The only companies in a position to replace Atos are likely the other major outsourcing companies: Capita (busy destroying their own reputation on PIP and court interpreter contracts), G4S (already destroyed their reputation over failing to deliver security for the Olympics, then found to have defrauded the taxpayer over offender tagging - and that's without mentioning the forced sedation in South African prisons or the Australian refugee internment camps, or the deaths in care) and Serco (ditto on the offender tagging and the Australian internment camps, with a side dish of falsifying data on a GP out-of-hours service in Cornwall - a contract that was also axed early). Having seen Atos having their brand turned into a toxic nightmare for brutalising disabled people, none of these are likely to be over-eager to involve themselves in WCA, particularly if it is clear the root problems with the WCA are not being addressed. Equally it is clear that the WCA is now so toxic that Atos are willing to buy themselves out of it and take the reputational damage of having walked away/being kicked off a major national contract, rather than face the ongoing month-by-month, day-by-day damage that goes with being the WCA contractor. However, ultimately money is likely to talk. Capita are probably the company in the best position to take over the contract thanks to their involvement with PIP, however PIP delays are growing month by month (even though it is only addressing a fraction of the cases it was supposed to) and PIP may turn out to be even worse than WCA, but about the best that can be said for them is they haven't had the cases of fraud or abuse of people in their care that the other competitors have had.
Introducing multiple contractors likely has rather more to do with hopes of splitting the blame than Penning's claim he wants competition. By creating multiple targets he may hope to split the focus of the disability lobby, but that ignores the way that disabled people have honed their teeth on destroyed Atos's brand as they became media-savvy protesters through sheer necessity. What was done to Atos can be done to any other company that makes the same mistakes in dismissing the voice of disabled people. Facing the possibility of having your brand destroyed is bad enough for companies that already have image problems, facing that possibility for a fraction of the pot is not going to be a winning argument in their boardrooms. And equally, if there is no one company to take the blame, then DWP may find themselves even more directly in the firing line for WCA failures than they already are.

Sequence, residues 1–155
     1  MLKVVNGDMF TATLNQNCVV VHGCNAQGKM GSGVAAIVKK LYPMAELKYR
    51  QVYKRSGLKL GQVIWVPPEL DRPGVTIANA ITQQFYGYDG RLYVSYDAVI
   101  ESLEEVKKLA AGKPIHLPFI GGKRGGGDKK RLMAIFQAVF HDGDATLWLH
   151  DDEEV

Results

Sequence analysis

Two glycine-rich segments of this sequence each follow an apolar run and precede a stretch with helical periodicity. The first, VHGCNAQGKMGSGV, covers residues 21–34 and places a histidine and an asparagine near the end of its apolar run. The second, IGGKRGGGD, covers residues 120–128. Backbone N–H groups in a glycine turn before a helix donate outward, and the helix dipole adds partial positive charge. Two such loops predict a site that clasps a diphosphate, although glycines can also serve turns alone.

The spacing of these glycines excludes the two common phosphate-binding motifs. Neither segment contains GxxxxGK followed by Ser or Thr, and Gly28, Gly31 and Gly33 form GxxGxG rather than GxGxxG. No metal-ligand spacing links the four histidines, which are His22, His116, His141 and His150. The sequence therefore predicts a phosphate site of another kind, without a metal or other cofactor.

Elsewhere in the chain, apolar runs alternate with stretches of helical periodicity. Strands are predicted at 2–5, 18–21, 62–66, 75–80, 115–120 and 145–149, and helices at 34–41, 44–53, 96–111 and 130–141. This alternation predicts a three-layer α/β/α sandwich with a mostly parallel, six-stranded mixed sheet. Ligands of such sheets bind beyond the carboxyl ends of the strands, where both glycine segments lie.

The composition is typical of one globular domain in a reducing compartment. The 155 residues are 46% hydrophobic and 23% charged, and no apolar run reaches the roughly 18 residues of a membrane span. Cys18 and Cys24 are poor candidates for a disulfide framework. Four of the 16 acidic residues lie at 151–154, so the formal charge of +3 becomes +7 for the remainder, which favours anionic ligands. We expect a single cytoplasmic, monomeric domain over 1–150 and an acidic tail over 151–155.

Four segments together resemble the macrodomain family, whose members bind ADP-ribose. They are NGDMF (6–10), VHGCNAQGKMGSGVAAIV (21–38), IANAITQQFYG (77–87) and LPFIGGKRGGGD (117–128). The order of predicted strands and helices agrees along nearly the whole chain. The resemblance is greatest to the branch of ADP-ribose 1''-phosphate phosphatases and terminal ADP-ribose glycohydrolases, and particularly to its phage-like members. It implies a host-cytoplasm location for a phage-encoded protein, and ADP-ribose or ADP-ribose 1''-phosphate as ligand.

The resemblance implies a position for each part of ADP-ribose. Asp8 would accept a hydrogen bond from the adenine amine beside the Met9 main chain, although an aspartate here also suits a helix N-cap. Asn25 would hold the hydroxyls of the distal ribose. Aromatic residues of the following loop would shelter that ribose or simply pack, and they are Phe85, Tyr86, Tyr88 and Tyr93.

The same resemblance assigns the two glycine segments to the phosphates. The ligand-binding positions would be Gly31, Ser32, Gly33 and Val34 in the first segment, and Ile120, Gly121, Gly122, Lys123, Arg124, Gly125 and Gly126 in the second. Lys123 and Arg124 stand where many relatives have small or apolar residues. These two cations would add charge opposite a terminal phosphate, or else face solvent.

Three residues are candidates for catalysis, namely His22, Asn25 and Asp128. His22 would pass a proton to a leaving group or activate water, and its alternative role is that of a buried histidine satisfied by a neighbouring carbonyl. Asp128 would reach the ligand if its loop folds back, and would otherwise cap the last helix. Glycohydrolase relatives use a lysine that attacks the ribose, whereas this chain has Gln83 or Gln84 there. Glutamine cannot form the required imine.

From the DWP point of view, certainly that of IDS and his coterie, the entire issue is likely timing and the election. By making a fuss of sacking Atos now, they likely hope to create an ideal cover story for everything wrong with WCA that will last them through the election. 'Yes, WCA is a mess, but it was Labour's fault, and see, we sacked Atos, the Great Satan, because we really care about those poor, inspiring, disabled people.' And then after the elections they'll be able to blame ongoing issues on 'teething problems' (and the current DWP ministerial crew will likely have moved on to new departments by then). Disabled people know that the truth is that unless there are radical changes to the WCA (such as scrapping it and having the patient's own GP or consultant write the report), then the same tragic catastrophe will repeat itself, particularly if the incoming company will have to do the same inappropriate test in the same inaccessible buildings with the same problematic staff, but IDS has always been a proponent of denying responsibility for whichever DWP fiasco is in the news this week.
Ironically, while Atos are being summarily kicked off WCA, they are being allowed to retain their PIP contracts, even though PIP shows signs of being an even worse car-crash than WCA - perhaps IDS and Penning want to have someone convenient to blame when PIP fails?